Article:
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Concerns about the Solar Maximum and Planet X

Responding to Public Questions and Misconceptions

David Morrison

November 24, 2010

Questions from the public regarding the next solar maximum and the hypothesized "Planet X"

Question: Lately there have been reports that the next solar maximum, or “solar tsunami,” is expected to be devastating to mankind. Meanwhile, it seems that the recent solar flare ejections are already starting to cause panic among some people, some of whom are saying NASA now expects the solar maximum to bring death. I’ve just watched a Discovery Channel show about solar storms. Looking at all that devastation still gives me goosebumps.

The Sun is not our enemy and will not hurt us. NASA has never suggested that the solar maximum could bring death. A lot of shows on the Discovery Channel exaggerate dangers; apparently such shows attract viewers and advertisers. The simple facts are that the Sun has an eleven-year activity cycle, but we cannot accurately predict individual events such as flares and coronal mass ejections (CMEs). In the case of the largest CMEs, it is possible to damage transformers in electrical grids, and NASA is currently planning to provide accurate warnings to electrical utilities so they can isolate any parts that are likely to be directly affected by solar particles.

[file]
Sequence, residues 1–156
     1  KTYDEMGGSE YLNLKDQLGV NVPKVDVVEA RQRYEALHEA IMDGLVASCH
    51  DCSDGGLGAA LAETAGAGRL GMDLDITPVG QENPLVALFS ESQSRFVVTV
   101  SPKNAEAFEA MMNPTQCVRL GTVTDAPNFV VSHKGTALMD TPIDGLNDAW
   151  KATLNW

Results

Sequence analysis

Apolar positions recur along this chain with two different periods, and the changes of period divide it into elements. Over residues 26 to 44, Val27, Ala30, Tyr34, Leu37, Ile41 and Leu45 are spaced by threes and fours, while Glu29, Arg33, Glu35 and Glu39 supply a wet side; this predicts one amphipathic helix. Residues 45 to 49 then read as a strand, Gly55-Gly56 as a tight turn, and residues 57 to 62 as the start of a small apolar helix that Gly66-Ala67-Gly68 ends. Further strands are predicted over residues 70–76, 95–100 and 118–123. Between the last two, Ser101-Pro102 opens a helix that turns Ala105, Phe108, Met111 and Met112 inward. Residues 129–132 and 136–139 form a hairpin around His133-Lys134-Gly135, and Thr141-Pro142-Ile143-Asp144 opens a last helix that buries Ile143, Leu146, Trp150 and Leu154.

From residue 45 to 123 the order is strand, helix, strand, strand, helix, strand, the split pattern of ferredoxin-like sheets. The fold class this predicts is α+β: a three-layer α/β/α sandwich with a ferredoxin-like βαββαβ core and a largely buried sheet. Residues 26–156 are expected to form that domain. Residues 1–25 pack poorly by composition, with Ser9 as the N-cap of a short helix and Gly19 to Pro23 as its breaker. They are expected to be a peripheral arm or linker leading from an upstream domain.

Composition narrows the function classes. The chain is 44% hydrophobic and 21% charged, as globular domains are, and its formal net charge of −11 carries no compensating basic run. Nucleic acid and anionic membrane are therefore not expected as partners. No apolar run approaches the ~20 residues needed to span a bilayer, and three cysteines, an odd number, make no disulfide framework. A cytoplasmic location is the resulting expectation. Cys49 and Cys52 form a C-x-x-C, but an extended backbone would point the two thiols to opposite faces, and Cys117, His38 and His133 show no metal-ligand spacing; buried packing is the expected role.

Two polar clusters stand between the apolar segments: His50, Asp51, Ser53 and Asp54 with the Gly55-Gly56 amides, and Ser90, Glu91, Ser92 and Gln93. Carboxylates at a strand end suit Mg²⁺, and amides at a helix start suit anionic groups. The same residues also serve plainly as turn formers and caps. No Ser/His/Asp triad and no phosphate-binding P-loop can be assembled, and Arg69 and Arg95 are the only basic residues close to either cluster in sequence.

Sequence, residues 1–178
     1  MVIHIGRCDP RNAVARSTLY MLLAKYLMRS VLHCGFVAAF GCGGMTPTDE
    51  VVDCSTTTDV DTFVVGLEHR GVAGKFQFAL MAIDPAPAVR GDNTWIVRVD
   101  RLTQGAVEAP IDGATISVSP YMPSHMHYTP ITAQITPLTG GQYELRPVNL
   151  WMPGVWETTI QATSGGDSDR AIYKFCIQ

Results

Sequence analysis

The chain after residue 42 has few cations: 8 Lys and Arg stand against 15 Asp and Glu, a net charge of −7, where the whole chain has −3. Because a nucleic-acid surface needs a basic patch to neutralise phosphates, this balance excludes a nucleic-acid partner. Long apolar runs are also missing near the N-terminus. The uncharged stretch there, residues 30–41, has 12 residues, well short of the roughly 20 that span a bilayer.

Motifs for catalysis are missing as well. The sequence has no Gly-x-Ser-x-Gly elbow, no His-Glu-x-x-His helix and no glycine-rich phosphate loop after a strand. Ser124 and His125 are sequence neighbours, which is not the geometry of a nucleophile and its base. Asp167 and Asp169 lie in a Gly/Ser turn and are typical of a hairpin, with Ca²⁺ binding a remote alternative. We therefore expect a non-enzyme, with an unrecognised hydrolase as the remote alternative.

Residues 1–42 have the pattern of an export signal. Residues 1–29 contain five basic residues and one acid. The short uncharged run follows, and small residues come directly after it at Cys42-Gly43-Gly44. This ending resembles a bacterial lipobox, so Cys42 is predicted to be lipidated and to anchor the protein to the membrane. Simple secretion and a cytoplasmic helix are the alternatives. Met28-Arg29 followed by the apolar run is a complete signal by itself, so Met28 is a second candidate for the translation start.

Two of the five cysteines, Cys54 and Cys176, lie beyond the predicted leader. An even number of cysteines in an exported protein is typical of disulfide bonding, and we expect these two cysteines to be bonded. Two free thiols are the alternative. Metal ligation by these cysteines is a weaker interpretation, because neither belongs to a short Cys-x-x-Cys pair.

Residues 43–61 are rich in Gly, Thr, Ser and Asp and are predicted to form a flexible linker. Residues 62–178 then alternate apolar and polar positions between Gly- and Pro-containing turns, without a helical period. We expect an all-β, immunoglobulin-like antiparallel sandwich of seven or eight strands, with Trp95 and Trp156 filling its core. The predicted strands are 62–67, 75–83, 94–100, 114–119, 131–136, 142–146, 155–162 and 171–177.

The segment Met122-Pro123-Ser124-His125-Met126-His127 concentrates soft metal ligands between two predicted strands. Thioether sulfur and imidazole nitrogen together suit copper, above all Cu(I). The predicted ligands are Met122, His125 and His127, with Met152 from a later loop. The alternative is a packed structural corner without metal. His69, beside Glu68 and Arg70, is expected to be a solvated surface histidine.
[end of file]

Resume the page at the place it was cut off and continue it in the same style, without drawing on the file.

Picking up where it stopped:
Solar scientists expect that the next solar maximum will be in the spring of 2013 and will be unusually weak, but the Sun may have some surprises for us. However, there is nothing about this solar maximum that can hurt us or threaten devastation to mankind. There will be many solar flares between now and 2015, but there are no specific predictions. I think the use of such terms as “solar tsunami” or “solar storm” to describe solar activity is unfortunate. It makes people think of destructive tidal waves or storms on Earth—but the Sun is 150 million kilometers away! There is an especially confusing Fox News interview with cosmologist Michio Kaku that is popular on YouTube. Kaku states that at solar maximum the Sun’s magnetic field suddenly flips and a giant shock wave of radiation heads for Earth, which he warns could disable our civilization. This is not the way the solar cycle works, and it raises greatly exaggerated fears.

The current fear of the solar maximum reminds me of some of the stories that circulated around Y2K. In both cases there were legitimate concerns: to protect older computer systems from the “Y2K bug” and now to protect satellites from solar outbursts. But the dangers to individual people are hugely exaggerated. Assuming you were not killed or seriously hurt by the previous solar maxima in 2001 and 1990, you have nothing to fear from this one.

Question: I really want to believe Nibiru is not real. But why are people still talking about it on YouTube? Do you think the topic will die down? And if it grows, what can we do about it?